10th June 2024

Weekly Index Movement

Aussie All Ords+1.8%

Stocks closed the week more than 30% above the lows carved out in October, with another week led by Tech and related names in communications services. Growth indices and the NASDAQ outperformed while small caps and value lagged. Utilities’ hot run moved into the rearview mirror as a surge in rates on Friday wiped out lots of the early week bond gains. Energy was also weak as crude oil prices plunged early in the week to reflect more OPEC+ supply following last week’s meeting.

Friday’s jobs report exceeded expectations as the US added 272,000 jobs in a single month. Wage growth also came in at +4.1%, higher than the previous +4.0% and says to me there will be no interest rate cuts in 2024.

The Fed has said previously that 3.3% wage growth is consistent with their 2% inflation target. Wage growth was 4.9% in December 2022, which means it has taken 17 months for wage growth to come down 0.8%. It is possible it will take that long again to come down to 3.3%.

Unless economic growth suddenly cools, there will be no rate cuts in 2024.

The Fed meets this week and we will get to hear Powell’s comments on this on Wednesday.

The $3Trillion Club

NVIDIA (NVDA) and Apple (AAPL) both saw their market caps rise above $3 trillion this week to join Microsoft (MSFT) in the $3+ trillion triumvirate.  The combined market cap of $9.2 trillion of these three stocks is roughly equal to the combined market cap of the smallest 350 stocks in the S&P 500.

Below is a chart from Bespoke Premium that shows how the S&P 500 would be doing this year without NVDA and the other mega-caps.  Through June 6th, the S&P 500 was up 12.5% year-to-date.  If you remove NVDA, it would be up just over 7%, while removing the “Mag-7” mega-caps would leave the index up roughly 4% YTD.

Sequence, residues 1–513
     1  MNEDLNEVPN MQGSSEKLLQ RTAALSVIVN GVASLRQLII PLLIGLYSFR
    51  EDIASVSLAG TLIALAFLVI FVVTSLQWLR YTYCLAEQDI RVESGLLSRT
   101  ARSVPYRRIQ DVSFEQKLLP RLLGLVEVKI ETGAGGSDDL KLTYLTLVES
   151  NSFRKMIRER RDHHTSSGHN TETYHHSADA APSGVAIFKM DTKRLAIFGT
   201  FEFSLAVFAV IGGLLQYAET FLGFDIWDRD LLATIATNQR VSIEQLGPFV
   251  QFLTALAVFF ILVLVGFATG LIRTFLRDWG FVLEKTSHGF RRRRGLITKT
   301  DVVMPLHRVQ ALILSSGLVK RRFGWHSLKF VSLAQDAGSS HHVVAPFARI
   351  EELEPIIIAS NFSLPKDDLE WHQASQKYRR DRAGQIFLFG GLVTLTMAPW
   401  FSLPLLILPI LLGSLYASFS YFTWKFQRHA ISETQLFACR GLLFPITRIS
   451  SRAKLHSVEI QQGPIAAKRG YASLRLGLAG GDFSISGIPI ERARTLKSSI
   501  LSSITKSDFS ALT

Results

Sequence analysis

Bond Spreads Confirm Bull Market

I keep hearing negative comments calling for a huge stock market crash. But there is nothing out there that points in any way to this possibility.

Here is something new for you stock traders to confirm this.

The bond market is not like the stock market. Bond investors are inherently risk averse. They just want to get their money back and receive an income stream along the way. Stock investors are seeking more risk and want to speculate on higher stock prices over time.

Stock investors are generally positive people who are sure things will turn out ok in the end. But Bond investors are pessimistic and are often the first ones out of the door, usually well before alarm bells are ringing.

This makes looking at their markets interesting for a stock investor. The chart below compares company bonds (viewed as risky in their world) to Treasuries (risk free). Company bonds always demand a higher premium than Treasuries because investors demand a higher return due to higher risk associated with lending money to a company rather than the Government.

When the lines on this chart are high, it means investors perceive increasing risk in company bonds. This is usually due to a slowing economy.

Looking at the last 20+ years you can see bond investors started to demand higher rates in advance of a stock market peak in 2000 and 2007. They didn’t really get a chance in 2020 as the pandemic hit so quickly.

But the key thing is the spreads are low and falling right now. That tells us the bond market has very little fear of any kind of recession or economic slowdown. Given these guys spend all their time looking for signs of coming trouble, it means there is very little chance of a slowdown in the near future.

Central Bank Cuts

In a strange move this week, the ECB decided to cut interest rates by 0.25% to 3.75%. This surprised everyone, mainly because the ECB normally just follows the Fed and it highly unusual for them to be confident to go it alone.

There wasn’t really a good reason to cut rates. Their economy is growing and inflation is still high.

Markets got all excited it means the ECB are now on a cutting cycle. But markets have this wrong. I don’t think the ECB should have cut and don’t understand why they did, but it is just one cut and they can sit on this same 3.75% interest rate figure for a long time yet if they need to.

The Bank of Canada also cut and stated “it is reasonable to expect more cuts”.

But don’t get excited. You know my thoughts on this. No cuts here in Aus and in the US this year. Wage growth is too strong.

Stocks are at all time highs even as the market is winding back expectations of interest rate cuts. Which goes to show they are not that important. The future potential of AI is far more important.

Next Week

The Fed meets and gives us an interest rate decision on Wednesday. Everyone knows they will be on hold but Powell will be pushed in the press conference about when we can expect the first cut. He is quite good at giving nothing away so I doubt this event will have a significant impact on markets.


Stock values can go down as well as up. It is possible to lose 100% of your investment in a stock. Any advice given by Capital 19 is general advice only and does not take your personal circumstances into account and might not be suitable for you.